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Engineering alumnus finds his dream job in Australia

Ian Jones

[Brunel had] a more holistic approach to forming engineers, not just teaching. Courses I did in video editing, photography and being involved in student theatre helped me as much as my degree with interviews, creativity and giving me other skills to fall back on.

Ian, Alumni, Undergraduate

Well Integrity Specialist & Government Inspector, National Offshore Petroleum Safety & Environmental Management Authority (NOPSEMA) - Australian Federal Regulator

Special Engineering Programme with French - 1997

From Australia

Tell us about your career journey since you graduated…

Scuba Instructor in France; Shell Graduate training - 2.5 years in the Netherlands, 4 years the USA (New Orleans) and 7 years in Malaysian Borneo. After leaving Shell, I started with Western Australia Consulting. Having been made redundant in 2015 due to the oil crash, I started a business as an Industrial Photographer and Drone Pilot. After 3 years I went back into engineering when a dream job with NOPSEMA came up and gave me a chance to work in Government for my new country. I became an Australian Citizen in 2016.

What does an average day at work involve for you?

Average Day - Lots of reading plans and doing hand checks to engineering calculations, writing up inspection findings and decisions. NON AVERAGE DAY - Offshore inspections, e.g. fly to Melbourne, climb into a survival suit, lifejacket and escape scuba set then squeeze into a helicopter with a dozen other large sweaty people for up to 2 hours and spend 3 or 4 days working day and night poking my nose around the rig and interviewing people. Then going home and writing it up.

What’s been the highlight of your career so far?

I can't talk too much about it due confidentiality, but preventing a company from doing something that involved reducing safety for cost and using engineering arguments to justify sailing so close to the wind. Most company’s safety attitude far exceeds the minimum, but occasionally someone tries to be too aggressive. We actively police and coach the industry. Bringing them back into line and looking after the public's interest was satisfying.

How would you say Brunel helped you to get where you are today?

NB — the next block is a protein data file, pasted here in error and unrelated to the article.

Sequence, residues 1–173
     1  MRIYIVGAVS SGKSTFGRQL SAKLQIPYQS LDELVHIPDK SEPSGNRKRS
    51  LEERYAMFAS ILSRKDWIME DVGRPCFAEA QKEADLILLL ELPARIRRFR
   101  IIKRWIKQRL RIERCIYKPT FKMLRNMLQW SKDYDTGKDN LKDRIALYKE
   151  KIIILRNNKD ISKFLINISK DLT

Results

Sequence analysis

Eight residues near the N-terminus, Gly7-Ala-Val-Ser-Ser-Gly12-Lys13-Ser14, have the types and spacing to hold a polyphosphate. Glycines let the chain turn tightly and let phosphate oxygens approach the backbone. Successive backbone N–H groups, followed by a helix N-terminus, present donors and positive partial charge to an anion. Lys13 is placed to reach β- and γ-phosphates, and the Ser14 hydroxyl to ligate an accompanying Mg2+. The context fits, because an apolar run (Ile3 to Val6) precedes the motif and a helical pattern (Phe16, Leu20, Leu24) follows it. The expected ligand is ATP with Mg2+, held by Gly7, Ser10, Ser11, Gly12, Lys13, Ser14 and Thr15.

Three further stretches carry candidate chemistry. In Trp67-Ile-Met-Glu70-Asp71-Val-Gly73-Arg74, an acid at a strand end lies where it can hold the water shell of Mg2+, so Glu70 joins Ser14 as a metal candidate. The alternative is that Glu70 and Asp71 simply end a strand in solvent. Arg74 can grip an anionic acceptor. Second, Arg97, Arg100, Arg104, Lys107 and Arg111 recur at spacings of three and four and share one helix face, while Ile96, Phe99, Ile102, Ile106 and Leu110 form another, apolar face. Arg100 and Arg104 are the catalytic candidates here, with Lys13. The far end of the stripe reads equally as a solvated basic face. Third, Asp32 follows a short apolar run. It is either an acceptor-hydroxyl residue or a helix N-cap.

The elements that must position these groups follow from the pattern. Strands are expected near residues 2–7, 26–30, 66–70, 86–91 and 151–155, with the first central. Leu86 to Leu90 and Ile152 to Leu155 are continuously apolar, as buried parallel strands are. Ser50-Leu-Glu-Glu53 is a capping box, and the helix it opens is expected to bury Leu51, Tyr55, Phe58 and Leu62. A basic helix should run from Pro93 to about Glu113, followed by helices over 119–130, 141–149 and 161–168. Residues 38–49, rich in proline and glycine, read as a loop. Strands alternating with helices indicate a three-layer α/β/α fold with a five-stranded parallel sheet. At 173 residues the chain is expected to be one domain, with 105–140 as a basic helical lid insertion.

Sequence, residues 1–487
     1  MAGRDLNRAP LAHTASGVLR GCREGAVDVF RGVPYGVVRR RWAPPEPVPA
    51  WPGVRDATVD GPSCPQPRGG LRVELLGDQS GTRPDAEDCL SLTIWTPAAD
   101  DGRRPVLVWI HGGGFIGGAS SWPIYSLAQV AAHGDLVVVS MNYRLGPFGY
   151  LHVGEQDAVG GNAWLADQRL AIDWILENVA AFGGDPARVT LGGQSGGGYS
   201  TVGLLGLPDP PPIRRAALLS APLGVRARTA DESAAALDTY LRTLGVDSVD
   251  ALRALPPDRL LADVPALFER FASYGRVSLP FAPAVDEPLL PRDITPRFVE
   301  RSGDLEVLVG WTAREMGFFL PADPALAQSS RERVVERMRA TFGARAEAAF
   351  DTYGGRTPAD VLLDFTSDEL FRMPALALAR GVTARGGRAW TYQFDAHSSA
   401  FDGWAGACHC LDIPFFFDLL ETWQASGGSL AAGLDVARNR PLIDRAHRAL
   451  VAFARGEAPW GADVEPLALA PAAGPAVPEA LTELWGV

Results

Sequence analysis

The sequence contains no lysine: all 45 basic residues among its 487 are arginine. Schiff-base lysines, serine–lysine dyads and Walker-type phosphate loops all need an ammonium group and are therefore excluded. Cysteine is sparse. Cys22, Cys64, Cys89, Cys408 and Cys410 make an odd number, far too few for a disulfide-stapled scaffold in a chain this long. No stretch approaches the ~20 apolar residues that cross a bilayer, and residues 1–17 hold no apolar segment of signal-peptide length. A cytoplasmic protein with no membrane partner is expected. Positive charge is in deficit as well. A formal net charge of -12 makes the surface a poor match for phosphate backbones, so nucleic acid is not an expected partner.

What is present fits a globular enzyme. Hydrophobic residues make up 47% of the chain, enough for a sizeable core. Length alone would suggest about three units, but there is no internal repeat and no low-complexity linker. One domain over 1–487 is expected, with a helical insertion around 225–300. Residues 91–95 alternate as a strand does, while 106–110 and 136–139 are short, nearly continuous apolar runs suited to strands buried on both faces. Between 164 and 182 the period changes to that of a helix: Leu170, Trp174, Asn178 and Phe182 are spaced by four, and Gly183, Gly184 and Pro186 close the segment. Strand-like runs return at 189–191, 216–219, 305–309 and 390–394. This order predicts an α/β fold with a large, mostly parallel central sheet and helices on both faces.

Be an all-round engineer, technical person and manager as opposed to the more silo’d approach I see today. It led me into Shell's training scheme which gave me a huge amount of costly further industry training equivalent to an MEng (Shell's round 1 & 2 training now forms the core of an MEng). Brunel's holistic view also included the arts - courses I did in video editing, photography and being involved in student theatre helped me as much as my degree with interviews, creativity and giving me other skills to fall back on when I was made redundant.

Why did you choose to study at Brunel and why would you recommend Brunel to others?

I chose Brunel for one course in particular; for its Special Engineering Programme with French due to its multidisciplinary approach and Brunel's close industry partnership and sandwich degrees; developing engineers with broader aptitude and capacity as well as in-demand skills. A more holistic approach to forming engineers, not just teaching.

What is your best memory of studying here?

My best Memories are of forming the Brunel University Sub Aqua Club in 1995 and diving in Cornwall and Wales with my friends. Competing in the Netherlands at Enshede University with the Brunel Fencing team and performing on stage in Terry Pratchett's "Mort" with the Drama group. My worst - and I still have the nightmare - is waking up feeling there's an exam tomorrow and I haven't prepared for it: I always see the old Sports Centre Hall in my head!

If you could give one piece of advice to new students, what would that be?

Get an internship; better yet get sponsored if you can. Do lots of time in industry during uni but save for a really good short vacation too. Don't wait too long to do a second degree, but get some experience first. Never stop learning to ensure you have a range of skills (Blue collar and White Collar) to survive downturns. Don't end up stuck in one industry.

What would be your top tip or advice for new graduates as they begin their career journey?

  1. Try to get a good company that has a good graduate training scheme. Graduation is just the START of the hard work not the end. Suck up EVERYTHING you can.
  2. Keep a logbook.
  3. Find a good mentor and regularly meet.
  4. Help others up and mentor others when you have knowledge to share.
  5. Learn to be concise and only answer with one answer when asked for one answer (still working on that one!).